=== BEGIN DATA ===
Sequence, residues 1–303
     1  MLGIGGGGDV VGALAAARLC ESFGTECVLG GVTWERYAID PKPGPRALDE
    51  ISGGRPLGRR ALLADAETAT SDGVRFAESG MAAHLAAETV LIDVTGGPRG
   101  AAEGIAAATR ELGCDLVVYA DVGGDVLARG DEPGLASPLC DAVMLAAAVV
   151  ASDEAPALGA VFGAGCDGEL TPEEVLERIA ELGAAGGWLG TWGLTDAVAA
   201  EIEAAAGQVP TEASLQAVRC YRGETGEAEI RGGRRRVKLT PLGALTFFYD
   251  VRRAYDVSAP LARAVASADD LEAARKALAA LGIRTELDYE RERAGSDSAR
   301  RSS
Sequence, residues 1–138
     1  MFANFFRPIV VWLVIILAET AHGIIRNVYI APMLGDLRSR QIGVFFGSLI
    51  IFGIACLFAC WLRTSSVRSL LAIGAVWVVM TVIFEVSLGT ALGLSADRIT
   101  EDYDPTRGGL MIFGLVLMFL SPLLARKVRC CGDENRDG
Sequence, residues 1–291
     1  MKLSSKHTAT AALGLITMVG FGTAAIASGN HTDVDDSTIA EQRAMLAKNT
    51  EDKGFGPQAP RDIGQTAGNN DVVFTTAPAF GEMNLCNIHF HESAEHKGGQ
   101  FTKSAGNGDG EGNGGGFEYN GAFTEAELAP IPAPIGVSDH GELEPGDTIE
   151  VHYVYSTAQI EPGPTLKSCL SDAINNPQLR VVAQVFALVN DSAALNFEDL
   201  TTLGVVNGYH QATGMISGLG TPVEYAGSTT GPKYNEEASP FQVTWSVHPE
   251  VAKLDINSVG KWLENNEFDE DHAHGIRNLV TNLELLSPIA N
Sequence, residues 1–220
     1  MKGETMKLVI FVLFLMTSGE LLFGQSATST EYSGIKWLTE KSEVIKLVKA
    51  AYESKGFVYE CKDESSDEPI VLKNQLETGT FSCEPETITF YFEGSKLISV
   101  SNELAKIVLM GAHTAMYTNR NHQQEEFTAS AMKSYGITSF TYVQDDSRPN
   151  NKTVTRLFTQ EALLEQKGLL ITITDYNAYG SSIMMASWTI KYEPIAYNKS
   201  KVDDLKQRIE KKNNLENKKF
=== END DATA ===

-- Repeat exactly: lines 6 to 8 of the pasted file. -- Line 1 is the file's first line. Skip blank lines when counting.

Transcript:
   201  EIEAAAGQVP TEASLQAVRC YRGETGEAEI RGGRRRVKLT PLGALTFFYD
   251  VRRAYDVSAP LARAVASADD LEAARKALAA LGIRTELDYE RERAGSDSAR
   301  RSS